Trump and The City: Infrastructure

Infrastructure was a persistent theme of Donald Trump’s campaign. He claimed, with some justification, that America’s roads, bridges, ports, waterways and airports were no longer first rate. And he promised to invest a trillion dollars into infrastructure—twice as much as Hillary Clinton proposed. But the difference in their plans was not so much the amount, but how resources were to be delivered, including the role of government versus the private sector. Read More

Trump and the City: Law Enforcement

Last week, we analyzed the new challenges facing cities when it comes to education policy in Donald Trump’s America. This week, we’ll dive into law enforcement.

Donald Trump owes little to cities politically. His winning electoral numbers were overwhelmingly rural, small town industrial belt, and exurban. Yet many of the cities and metropolitan regions that voted Democratic are increasingly the major generators of economic value and demographic growth. He cannot succeed unless those cities succeed. Read More

Trump and The City, Part 1

Let’s begin with the obvious: From the perspective of rewarding his base, Donald Trump owes little to cities. After all, his winning electoral numbers were overwhelmingly rural, small town industrial belt, and exurban.

But while the majority of hand-wringing these past two weeks has been from Democrats wondering how they lost the Midwest, there is another subtext to the election that warrants introspection: The cities and metropolitan regions that voted Democratic are increasingly the major generators of economic value and population in America. So if Republicans want to convert 2016 into a longer-term triumph they too have lots of work to do. Read More

Mayor Kenney, Speak Up!

In 2011 there were several violent flash mobs in Philadelphia: young people in large groups attacked random pedestrians. In reaction, Mayor Nutter took to the stage  from City Hall to the church pulpit.  He spoke directly to those that participated in the mob violence and to their parents. His words were tough and firm. And he hammered away over a period of time.

There were two recent violent flash mobs in Philadelphia: one on Broad Street at Temple University and the most recent one at 16th and Walnut in Center City. In reaction to the first incident at Temple, Mayor Kenney was silent. After the second incident last weekend, I wondered if the silence would continue. Read More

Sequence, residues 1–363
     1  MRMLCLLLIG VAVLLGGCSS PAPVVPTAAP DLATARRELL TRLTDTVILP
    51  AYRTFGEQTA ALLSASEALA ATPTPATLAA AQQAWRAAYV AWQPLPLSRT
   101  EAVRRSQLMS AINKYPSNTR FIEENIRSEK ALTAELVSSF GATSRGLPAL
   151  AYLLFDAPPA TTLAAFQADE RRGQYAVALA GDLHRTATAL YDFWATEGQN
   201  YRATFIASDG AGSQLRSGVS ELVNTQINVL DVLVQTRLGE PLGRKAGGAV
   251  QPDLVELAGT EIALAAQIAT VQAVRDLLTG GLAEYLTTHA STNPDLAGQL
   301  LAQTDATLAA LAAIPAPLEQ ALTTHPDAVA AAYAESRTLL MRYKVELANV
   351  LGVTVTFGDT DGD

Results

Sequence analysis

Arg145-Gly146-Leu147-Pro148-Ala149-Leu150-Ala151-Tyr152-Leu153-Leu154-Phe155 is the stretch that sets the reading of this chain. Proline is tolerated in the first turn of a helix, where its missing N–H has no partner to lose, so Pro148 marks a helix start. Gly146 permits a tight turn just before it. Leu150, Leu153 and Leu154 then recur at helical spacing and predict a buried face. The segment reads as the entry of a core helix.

The Day After

In this most unsettling presidential election, our real problem begins November 9th, the day someone wins. On the day after, millions will be alienated and angry, no matter the result. That makes governance difficult and national purpose elusive. Read More

The Philanthropic Election

When the 12th century Jewish philosopher Moses Maimonides detailed his hierarchy of charitable giving he placed anonymity toward the top of the list. Anonymity, thought Maimonides, made it clear the gift was about the recipient, not the giver.

Today’s philanthropy eschews anonymity because it seeks the public leverage of names and relationships. And it wants the gift to be strategic, something that leads to long-term solutions. Charity may be a gift, but philanthropy is a civic enterprise. And in an age when the president of the Ford Foundation is featured in People Magazine, quiet giving is largely a thing of the past. Read More

The Breed To Kill Pet Economy

I recently came across Wagslending.com a firm that is in the business of affordable leasing for pet lovers. At first I thought it was a joke. Why lease a pet? But it is on the level. Wagslending is now in 40 states and is one of many consumer finance agencies extending credit to purchase pets. Retail pet stores partner with pet lenders to move inventory in an increasingly competitive business.

Pets are a huge business in America, estimated at $60 billion last year. Think of the scope of the industry: breeding, supplies, food, veterinary care, temporary care kennels, even psychologists, insurers, and funeral homes. And this does not include the cost of nonprofit shelters or publicly-funded animal control systems; let alone America’s burgeoning economy of paid pet walkers and caretakers. Read More